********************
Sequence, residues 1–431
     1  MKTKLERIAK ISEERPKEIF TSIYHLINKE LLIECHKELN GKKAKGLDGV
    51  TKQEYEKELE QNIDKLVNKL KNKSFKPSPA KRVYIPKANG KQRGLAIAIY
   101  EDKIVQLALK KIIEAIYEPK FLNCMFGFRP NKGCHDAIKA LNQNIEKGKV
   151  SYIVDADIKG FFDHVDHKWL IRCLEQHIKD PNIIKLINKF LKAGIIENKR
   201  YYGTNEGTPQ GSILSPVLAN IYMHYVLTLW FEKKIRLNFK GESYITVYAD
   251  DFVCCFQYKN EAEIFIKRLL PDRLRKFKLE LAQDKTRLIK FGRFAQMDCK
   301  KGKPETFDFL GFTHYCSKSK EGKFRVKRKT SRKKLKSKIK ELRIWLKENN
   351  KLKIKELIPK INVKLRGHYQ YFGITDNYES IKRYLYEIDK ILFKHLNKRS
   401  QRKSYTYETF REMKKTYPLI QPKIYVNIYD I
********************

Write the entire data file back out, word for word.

Sequence, residues 1–431
     1  MKTKLERIAK ISEERPKEIF TSIYHLINKE LLIECHKELN GKKAKGLDGV
    51  TKQEYEKELE QNIDKLVNKL KNKSFKPSPA KRVYIPKANG KQRGLAIAIY
   101  EDKIVQLALK KIIEAIYEPK FLNCMFGFRP NKGCHDAIKA LNQNIEKGKV
   151  SYIVDADIKG FFDHVDHKWL IRCLEQHIKD PNIIKLINKF LKAGIIENKR
   201  YYGTNEGTPQ GSILSPVLAN IYMHYVLTLW FEKKIRLNFK GESYITVYAD
   251  DFVCCFQYKN EAEIFIKRLL PDRLRKFKLE LAQDKTRLIK FGRFAQMDCK
   301  KGKPETFDFL GFTHYCSKSK EGKFRVKRKT SRKKLKSKIK ELRIWLKENN
   351  KLKIKELIPK INVKLRGHYQ YFGITDNYES IKRYLYEIDK ILFKHLNKRS
   401  QRKSYTYETF REMKKTYPLI QPKIYVNIYD I